Eggplant and Beef Stew

This aromatic Egyptian dish lets everyone know something delicious is coming out of the kitchen! Modern Egyptian cuisine shares many dishes with neighboring counties such as Lebanon, Israel and the Palestinian territories. So don’t be surprised to find hummus, kebabs, tahini, babaganoush and koftas on the menu! Check out inmamaskitchen for more information on Egypt, recipes and its foods. Eggplant is a good source of dietary fiber and in addition to featuring a host of vitamins and minerals, eggplant also contains important phytonutrients, many which have antioxidant activity. Historians believe the eggplant may have its origins in India, but early written accounts from a 5th century Chinese record on agriculture called the Ts’i Min Yao Shu indicate its cultivation in China.

Serves 6
recipe from Good Taste

80ml (1/3 cup) olive oil
450g eggplant, cut into 3cm pieces
800g beef chuck steak, cut into 3cm pieces
2 brown onions, coarsely chopped
3 garlic cloves, coarsely chopped
1 tablespoon ground cumin
2 teaspoons ground coriander
1 teaspoon allspice
70g (1/4 cup) tomato paste
3 ripe tomatoes, coarsely grated, skin discarded
500ml (2 cups) chicken stock
2 tablespoons fresh parsley
steamed rice, to serve

Heat half of the oil in a large saucepan over medium high heat. Add half the eggplant and cook 3 minutes or until lightly browned. Transfer to a plate. Repeat with the remaining eggplant. Add the remaining oil to the pan. Add one third of the beef and cook for 3 minutes or until browned. Transfer to a plate. Repeat, in 2 more batches, with the remaining beef, reheating the pan between batches.

Reduce heat to medium low. Add the onion to the pan and coo, stirring occasionally for 8 minutes or until golden. Add the garlic and cook 2 minutes or until soft. Add the cumin, coriander and allspice, and cook for 1 minute or until aromatic. Add the tomato paste and cook, stirring, for 1 minute or until well combined. Add the beef, tomato and stock to the pan. Season with salt and pepper. Reduce heat to low. Cover and cook, stirring occasionally, for 2 hours. Add the eggplant and cook, uncovered, for a further 30 minutes or until the beef is very tender. Taste and season. Stir in the parsley and serve with steamed rice.

The Culinary Chase’s Note: The flavors from this dish were superb! Next time I’ll use freshly chopped coriander as a garnish for added flavor.

7 Comments

  1. Peter M on November 10, 2008 at 14:38

    Us Greeks have a similar dish (no coriander) but still tasty.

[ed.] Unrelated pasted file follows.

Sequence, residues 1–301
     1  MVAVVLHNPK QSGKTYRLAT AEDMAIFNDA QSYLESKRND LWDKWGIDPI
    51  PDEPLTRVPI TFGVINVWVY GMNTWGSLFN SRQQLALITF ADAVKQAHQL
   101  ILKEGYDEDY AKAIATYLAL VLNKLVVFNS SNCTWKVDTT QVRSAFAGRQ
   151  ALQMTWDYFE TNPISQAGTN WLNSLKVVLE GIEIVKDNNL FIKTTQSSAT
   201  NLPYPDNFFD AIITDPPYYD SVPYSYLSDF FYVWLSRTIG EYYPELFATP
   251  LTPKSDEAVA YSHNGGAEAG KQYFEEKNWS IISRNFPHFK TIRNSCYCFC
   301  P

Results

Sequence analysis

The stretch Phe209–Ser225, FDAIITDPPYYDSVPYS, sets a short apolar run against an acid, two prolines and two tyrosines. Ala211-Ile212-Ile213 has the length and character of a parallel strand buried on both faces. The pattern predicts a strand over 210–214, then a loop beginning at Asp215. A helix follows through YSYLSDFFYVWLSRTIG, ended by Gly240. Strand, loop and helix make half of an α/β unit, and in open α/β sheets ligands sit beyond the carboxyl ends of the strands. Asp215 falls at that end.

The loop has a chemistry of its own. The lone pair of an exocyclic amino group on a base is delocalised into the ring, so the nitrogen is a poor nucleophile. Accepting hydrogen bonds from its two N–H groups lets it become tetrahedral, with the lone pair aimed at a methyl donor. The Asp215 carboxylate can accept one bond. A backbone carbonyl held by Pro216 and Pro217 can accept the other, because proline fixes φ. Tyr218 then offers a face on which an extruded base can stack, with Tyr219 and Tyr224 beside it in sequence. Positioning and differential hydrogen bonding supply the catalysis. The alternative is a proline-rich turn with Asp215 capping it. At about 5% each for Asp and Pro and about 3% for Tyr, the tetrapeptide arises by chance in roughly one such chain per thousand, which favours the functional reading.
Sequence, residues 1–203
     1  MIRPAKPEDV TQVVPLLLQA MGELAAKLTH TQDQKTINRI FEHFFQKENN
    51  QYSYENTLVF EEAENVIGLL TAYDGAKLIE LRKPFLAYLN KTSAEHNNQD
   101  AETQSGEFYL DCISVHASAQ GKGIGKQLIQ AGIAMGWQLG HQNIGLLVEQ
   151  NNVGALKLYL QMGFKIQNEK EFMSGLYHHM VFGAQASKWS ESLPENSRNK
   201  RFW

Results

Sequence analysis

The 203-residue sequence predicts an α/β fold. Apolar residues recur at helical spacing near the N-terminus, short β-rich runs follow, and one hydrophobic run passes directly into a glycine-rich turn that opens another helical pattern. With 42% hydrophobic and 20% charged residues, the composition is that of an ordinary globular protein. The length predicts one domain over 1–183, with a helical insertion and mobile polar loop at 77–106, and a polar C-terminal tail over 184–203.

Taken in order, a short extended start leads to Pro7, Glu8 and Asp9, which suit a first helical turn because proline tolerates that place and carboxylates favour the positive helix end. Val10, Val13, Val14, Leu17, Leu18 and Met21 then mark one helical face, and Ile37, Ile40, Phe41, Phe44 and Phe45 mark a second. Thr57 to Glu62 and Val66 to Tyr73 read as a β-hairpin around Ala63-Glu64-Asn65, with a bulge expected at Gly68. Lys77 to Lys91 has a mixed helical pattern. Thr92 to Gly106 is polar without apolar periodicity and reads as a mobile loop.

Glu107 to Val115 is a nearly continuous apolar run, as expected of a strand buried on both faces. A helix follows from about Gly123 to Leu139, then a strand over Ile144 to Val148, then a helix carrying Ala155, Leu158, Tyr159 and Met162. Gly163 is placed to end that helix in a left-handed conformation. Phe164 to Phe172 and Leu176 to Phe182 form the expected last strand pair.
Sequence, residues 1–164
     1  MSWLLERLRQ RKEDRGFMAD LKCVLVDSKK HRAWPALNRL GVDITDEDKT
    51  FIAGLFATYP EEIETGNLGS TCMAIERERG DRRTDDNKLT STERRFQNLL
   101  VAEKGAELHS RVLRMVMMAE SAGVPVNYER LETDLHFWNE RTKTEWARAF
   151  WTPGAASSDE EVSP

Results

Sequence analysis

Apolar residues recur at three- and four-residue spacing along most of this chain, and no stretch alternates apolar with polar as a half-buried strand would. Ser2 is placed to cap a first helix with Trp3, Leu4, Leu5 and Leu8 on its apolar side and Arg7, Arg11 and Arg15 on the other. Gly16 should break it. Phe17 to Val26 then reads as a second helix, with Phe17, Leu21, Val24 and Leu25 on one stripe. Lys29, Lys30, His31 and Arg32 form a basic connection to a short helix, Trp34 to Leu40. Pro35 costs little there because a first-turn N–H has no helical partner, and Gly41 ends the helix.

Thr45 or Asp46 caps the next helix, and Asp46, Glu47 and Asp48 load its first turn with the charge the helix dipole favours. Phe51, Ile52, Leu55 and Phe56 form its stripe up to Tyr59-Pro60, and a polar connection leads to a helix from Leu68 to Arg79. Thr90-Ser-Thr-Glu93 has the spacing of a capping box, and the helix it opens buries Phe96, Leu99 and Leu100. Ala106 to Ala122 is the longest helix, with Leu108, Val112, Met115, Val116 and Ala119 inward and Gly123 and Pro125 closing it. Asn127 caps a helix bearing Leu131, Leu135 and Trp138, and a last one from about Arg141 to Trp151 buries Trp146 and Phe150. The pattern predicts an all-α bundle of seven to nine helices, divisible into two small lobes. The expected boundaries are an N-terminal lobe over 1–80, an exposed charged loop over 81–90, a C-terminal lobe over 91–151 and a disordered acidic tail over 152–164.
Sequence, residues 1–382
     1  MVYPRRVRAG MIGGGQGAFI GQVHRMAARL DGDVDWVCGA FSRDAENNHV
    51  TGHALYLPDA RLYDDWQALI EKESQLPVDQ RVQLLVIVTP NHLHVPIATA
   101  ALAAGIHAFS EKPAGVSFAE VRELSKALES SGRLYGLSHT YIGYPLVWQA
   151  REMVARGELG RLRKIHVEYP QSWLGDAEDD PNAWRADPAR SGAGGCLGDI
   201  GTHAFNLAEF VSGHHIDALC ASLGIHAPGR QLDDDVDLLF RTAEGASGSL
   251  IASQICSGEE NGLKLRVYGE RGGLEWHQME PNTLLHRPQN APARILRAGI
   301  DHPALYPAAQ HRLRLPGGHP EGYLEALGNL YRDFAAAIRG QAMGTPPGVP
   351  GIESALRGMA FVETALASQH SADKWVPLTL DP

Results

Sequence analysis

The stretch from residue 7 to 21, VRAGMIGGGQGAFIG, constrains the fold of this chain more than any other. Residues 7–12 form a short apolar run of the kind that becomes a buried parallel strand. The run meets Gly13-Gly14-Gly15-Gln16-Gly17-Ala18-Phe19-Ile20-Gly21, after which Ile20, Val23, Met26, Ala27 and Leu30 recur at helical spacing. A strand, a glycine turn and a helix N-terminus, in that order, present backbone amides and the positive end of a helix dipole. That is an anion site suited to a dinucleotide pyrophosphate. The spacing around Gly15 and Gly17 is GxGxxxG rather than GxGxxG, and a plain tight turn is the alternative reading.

I love your copper vessels too!



  2. The Culinary Chase on November 11, 2008 at 09:49

    Thanks Peter! This dish was amazing & the apartment smelled oh so good! Cheers!



  3. Anonymous on August 12, 2010 at 04:35

    Very good recipe! The allspice adds a nice flavor.



  4. Anonymous on January 31, 2011 at 20:32

    I left the produce stand this weekend with a bounty of eggplant and no real ideas what to do with all of it. After looking for recipes online, I thought yours really sounded special and delicious.

    I made this stew tonight for my husband and me. Wow! It was wonderful and smelled great. I used garam masala as my spice mix because I had it on hand and it incorporates the elements of the cumin-coriander-allspice mixture. I also used veggie broth instead of chicken (again, it was a slight adjustment based on what I had on hand), and after browning the veggies and the beef I let it all stew in a crockpot on “High” for a few hours.

    This recipe is definitely a keeper. I am very picky about eggplant-it often seems underdone, underseasoned, or even bitter–and this recipe really lets it shine in all its glory. I’ll be making this again!



  5. The Culinary Chase on January 31, 2011 at 20:36

    Thanks Anon! I’m glad you enjoyed it. Cheers!



  6. Anonymous on November 10, 2011 at 04:23

    When I tried this for this first time, I found it to be absolutely amazing. The leftovers seemed to get better!



  7. The Culinary Chase on November 10, 2011 at 16:37

    Thanks Anonymous. This is a very aromatic dish and the flavors…well you know – you made it! Cheers!